Tuesday, November 24, 2009

A Tour of les Forges

Sunday afternoon we took a drive out to the Forges. It's about 13 kilometers, or roughly 8 miles, from Trois Rivières. Apart from being an interesting national landmark, it's a wonderful place to spend the day:  kite-flying, picnicking or walking the winding trails through the forest along the Saint Maurice River.

Trois-Rivières was founded as a trading post in 1634 in what then came to be known as "New France."  Almost a century later, in 1730,  Les Forges du Saint-Maurice was built, which marked the start of Canada's iron industry.  It also led to the creation of the country's first industrial community.

Hundreds of workers lived and worked here at the blast furnace and two forges, turning out iron for shipyards, cannons and cannon balls for the military, building railways and producing goods for the domestic market, such as iron stoves and axes. The whole thing shut down in 1883, after more than 150 years of operation.  Today it's a popular walking place because of its spacious grounds and wooded hills along the Saint Maurice River.

 The road leading to les Forges is flanked by 
the ever-gracious birch, sentinals of welcome

The Ironmaster's House.  This grande maison has been
 completely rebuilt and is now a Welcoming Center.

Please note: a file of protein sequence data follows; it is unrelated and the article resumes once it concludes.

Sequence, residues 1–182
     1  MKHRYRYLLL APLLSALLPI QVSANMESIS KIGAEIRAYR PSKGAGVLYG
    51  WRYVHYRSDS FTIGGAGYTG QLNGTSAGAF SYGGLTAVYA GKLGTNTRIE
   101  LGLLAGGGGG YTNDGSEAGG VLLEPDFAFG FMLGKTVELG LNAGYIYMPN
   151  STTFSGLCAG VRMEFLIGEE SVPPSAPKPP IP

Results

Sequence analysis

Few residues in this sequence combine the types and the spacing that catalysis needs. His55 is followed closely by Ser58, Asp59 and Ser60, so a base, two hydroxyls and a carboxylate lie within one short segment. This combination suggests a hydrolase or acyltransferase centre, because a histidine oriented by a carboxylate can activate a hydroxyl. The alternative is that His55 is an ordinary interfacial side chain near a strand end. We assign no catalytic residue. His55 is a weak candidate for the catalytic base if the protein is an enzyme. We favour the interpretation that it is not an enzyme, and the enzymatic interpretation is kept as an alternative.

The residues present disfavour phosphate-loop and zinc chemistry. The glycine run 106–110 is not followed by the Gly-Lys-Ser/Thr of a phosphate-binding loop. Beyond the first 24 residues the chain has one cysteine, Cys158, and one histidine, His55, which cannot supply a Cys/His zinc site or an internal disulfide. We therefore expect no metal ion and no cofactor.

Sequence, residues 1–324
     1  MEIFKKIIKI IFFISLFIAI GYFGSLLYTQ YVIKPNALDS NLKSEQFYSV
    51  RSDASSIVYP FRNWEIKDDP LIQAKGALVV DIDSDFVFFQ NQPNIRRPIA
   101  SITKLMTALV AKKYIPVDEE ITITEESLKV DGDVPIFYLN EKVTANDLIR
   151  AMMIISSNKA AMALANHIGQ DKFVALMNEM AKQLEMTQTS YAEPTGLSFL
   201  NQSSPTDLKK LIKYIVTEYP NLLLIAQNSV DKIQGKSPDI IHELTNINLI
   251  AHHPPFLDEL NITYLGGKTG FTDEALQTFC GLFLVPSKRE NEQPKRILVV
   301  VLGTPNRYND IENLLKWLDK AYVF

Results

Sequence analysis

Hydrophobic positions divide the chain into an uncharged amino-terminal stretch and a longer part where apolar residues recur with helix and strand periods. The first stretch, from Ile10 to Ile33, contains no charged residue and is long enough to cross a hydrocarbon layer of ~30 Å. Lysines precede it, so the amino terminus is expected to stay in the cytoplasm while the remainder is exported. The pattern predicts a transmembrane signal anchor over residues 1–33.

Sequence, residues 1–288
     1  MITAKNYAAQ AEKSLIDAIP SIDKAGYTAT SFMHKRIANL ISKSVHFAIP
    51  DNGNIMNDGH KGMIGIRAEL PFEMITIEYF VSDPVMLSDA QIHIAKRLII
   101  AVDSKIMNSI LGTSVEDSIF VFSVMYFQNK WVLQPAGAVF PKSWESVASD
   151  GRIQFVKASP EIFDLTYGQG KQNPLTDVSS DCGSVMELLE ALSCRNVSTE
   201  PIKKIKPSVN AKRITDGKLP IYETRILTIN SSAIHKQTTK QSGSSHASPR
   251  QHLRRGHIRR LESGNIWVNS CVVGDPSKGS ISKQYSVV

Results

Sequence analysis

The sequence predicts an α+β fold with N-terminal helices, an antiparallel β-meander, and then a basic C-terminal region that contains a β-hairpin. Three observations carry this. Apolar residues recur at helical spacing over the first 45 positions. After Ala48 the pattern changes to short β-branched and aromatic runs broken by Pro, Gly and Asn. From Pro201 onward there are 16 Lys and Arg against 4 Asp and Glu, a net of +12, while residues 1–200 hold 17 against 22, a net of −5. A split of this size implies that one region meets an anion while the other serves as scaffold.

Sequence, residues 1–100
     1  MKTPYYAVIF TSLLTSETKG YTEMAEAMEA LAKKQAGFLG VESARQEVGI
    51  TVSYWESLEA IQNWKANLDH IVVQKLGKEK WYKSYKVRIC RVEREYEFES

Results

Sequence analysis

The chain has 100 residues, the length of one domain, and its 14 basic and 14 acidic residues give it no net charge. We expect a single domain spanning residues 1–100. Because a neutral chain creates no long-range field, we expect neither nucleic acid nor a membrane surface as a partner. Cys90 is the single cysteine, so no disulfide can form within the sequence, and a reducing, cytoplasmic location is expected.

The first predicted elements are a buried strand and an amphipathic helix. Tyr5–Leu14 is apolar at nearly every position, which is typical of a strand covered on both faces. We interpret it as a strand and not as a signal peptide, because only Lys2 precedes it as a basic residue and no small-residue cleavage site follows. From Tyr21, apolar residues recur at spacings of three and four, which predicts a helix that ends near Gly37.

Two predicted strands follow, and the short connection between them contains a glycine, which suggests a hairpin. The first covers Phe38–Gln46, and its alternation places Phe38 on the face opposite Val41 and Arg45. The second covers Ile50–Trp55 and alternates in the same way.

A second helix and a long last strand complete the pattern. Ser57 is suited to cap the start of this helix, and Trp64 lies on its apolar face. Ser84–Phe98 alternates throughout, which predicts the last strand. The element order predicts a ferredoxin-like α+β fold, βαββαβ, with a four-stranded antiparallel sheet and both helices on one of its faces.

Go behind the house and
you can begin a walking tour ...

These steps take you down to a path that winds
 through the forest and eventually comes out at
the Saint Maurice River.

This is what it looks like from the bottom, looking up.
It's always easier going down, than coming back up again!

You quickly become surrounded by trees.   Occasionally,
 you'll find a sign, warning you to be on the lookout for
bears. We found raspberry bushes, ancient trunks of felled
trees, and  squirrels, and birds.   But no bears.  I think the
bears are busy hunkering down for the winter.

A view from a walking path down to the river. It's
 quite steep in some places; you can take a shortcut
straight down, but it is not advised.

If you stop and look straight up, this is what you'll see.
Sunlight filters through the branches, and scatters itself
on the trails below.

The Saint Maurice River.

All that's left of the original ironworkers' settlement.

Blast furnaces, house foundations from centuries ago.

En route to the river.

 At the river's shore

Le fontaine du diable--the "Devil's Fountain"--a pocket
 of ground where natural gas escapes, producing an eternal flame.

Another boardwalk portion of the trail,
leading  into the forest

This would be fun on roller skates


 At the top of the stairs--the Ironmaster's house again

Site of the waterwheel, and small museum

Click here for a large photo of the original worksite, and here to see the forges' waterwheel, as well as to find information about visiting Les Forges should you ever be in the Mauricie region of Québec.

An elderly couple, walking the grounds.
Still holding hands, after all these years.

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